Today: 20.Oct.2018

Somini Sengupta: This summer of fire and swelter looks a lot like the future that scientists have been warning about in the era of climate change, and it’s revealing in real time how unprepared much of the world remains for life on a hotter planet. Scientists point out that with significant reductions in greenhouse gas emissions and changes to the way we live — things like reducing food waste, for example — warming can be slowed enough to avoid the worst consequences of climate change.

Published in Drought

BBC News, Matt McGrath: Researchers believe we could soon cross a threshold leading to boiling hot temperatures and towering seas in the centuries to come. Even if countries succeed in meeting their CO2 targets, we could still lurch on to this "irreversible pathway". Their study shows it could happen if global temperatures rise by 2C. NOTE: A search of the Internet documents that there have been many very large urban and wildfires throughout history, before the large scale use of fossil fuels.

Katharina Bochsler on Swiss Radio and Television, Schweizer Radio und Fernsehen (SRF): Zahlreiche Studien kochen das Konfliktpotential der Erderwärmung hoch. Sie prophezeien gewaltsame Konflikte und grosse Völkerwanderungen. Doch wissenschaftlich sind die meisten dieser Studien nicht haltbar.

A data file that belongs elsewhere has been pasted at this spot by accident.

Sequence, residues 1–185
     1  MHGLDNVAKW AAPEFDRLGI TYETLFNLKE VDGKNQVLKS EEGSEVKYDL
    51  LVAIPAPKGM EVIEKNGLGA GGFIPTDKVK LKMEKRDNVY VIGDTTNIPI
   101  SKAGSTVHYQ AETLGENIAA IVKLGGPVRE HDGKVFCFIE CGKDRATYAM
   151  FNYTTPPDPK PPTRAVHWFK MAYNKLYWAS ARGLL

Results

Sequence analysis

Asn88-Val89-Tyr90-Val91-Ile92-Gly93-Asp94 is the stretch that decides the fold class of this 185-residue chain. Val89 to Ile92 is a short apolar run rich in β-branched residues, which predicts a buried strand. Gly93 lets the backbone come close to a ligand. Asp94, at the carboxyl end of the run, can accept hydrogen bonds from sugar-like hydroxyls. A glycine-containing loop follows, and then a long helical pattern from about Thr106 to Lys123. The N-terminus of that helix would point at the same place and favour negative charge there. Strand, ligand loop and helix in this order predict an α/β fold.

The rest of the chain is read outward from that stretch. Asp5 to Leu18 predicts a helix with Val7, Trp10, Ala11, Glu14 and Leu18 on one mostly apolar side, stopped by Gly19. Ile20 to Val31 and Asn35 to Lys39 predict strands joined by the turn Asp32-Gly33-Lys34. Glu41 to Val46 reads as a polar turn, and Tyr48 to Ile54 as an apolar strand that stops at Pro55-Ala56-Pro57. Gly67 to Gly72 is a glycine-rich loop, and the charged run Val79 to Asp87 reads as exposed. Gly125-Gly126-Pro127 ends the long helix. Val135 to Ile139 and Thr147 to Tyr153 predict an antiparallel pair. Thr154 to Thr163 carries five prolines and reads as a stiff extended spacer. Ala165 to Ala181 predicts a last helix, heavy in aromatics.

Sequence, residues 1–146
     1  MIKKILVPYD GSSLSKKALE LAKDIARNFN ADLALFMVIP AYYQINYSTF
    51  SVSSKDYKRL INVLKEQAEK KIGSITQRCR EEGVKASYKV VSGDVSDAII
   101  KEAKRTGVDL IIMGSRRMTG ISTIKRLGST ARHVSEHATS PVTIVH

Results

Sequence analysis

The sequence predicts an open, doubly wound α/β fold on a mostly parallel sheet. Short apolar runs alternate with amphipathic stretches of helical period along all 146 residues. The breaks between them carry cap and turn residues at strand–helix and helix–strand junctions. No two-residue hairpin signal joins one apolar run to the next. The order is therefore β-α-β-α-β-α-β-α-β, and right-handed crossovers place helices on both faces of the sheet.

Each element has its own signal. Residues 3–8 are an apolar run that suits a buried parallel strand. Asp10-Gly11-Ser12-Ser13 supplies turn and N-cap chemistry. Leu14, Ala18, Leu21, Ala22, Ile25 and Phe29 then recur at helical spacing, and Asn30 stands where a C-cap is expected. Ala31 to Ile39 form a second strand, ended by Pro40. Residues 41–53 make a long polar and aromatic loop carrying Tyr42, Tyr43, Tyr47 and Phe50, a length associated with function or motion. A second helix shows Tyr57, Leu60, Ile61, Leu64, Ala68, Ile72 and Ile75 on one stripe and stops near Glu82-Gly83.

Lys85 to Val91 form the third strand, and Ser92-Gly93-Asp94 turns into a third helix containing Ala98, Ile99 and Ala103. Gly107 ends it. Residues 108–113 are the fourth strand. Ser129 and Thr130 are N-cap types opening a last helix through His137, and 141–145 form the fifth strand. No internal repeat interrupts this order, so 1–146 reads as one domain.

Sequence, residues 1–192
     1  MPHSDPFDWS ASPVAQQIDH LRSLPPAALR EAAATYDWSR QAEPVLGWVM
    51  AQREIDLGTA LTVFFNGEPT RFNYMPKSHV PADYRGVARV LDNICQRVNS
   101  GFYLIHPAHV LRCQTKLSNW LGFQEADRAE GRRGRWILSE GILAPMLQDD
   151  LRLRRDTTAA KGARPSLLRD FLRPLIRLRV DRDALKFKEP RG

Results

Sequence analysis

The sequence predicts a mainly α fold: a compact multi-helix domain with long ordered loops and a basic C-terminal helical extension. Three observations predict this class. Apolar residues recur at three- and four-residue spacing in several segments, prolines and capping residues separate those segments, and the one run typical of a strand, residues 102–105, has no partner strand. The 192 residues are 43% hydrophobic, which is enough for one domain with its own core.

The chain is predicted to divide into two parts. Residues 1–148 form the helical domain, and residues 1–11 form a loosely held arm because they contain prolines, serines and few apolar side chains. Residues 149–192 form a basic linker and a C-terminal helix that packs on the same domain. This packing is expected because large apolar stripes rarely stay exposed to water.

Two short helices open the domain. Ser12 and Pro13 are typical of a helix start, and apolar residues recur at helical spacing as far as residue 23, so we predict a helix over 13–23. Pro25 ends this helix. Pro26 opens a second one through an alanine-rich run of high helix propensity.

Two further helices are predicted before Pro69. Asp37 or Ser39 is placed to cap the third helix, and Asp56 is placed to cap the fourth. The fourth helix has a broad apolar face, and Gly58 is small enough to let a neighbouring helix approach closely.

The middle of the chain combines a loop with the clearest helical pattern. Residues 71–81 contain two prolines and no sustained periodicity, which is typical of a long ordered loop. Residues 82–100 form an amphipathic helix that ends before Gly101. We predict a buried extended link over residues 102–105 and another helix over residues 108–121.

BBC News:Cape Town faces the unenviable situation of being the first major city in the modern era to run out of drinking water. However, the plight of the drought-hit South African city is just one extreme example of a problem that experts have long been warning about - water scarcity. One of the very important functions of the sun is to evaporate ocean water, desalinize it and move it over land where the fresh water falls as rain or snow. When weather patterns change shortages of water can develop. This has happened throughout history. The Romans took charge of water supply for their cities by building aqueducts. Today, nuclear power, solar or wind could be used to desalinate ocean water for water supply in arid countries. Nuclear powered ships could become mobile desalinization stations to meet temporary needs.

Published in Drought

Newsletter Subscription

  • Latest
  • Popular
  • Rob Jeffrey, Economic Risk Consultant, Poverty is…
  • Mohn Doss, Medical Physicist in Diagnostic Imaging:…
  • John Dunn, MD, JD: The United States…
  • Robert Bryce is author of “Smaller Faster…
  • Leon Louw, lawyer, economist, Executive Director of…